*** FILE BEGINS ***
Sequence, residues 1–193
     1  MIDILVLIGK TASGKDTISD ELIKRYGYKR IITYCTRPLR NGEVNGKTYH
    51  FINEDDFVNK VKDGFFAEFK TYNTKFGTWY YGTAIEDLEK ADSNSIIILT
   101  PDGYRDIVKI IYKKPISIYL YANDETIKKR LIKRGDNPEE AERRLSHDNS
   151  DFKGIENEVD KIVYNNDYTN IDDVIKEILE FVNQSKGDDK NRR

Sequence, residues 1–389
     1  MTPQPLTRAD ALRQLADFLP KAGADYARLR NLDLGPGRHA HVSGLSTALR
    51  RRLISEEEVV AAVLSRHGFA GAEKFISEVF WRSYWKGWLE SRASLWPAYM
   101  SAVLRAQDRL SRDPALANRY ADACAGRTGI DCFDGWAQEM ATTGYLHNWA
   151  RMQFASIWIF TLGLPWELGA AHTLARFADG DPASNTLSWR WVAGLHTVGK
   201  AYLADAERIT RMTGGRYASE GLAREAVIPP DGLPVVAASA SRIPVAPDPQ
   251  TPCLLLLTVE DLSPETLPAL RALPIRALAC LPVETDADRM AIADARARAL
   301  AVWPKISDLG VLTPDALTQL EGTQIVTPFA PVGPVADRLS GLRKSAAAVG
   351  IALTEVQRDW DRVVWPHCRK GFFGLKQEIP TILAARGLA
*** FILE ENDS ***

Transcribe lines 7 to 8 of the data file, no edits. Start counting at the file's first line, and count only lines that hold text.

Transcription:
     1  MTPQPLTRAD ALRQLADFLP KAGADYARLR NLDLGPGRHA HVSGLSTALR
    51  RRLISEEEVV AAVLSRHGFA GAEKFISEVF WRSYWKGWLE SRASLWPAYM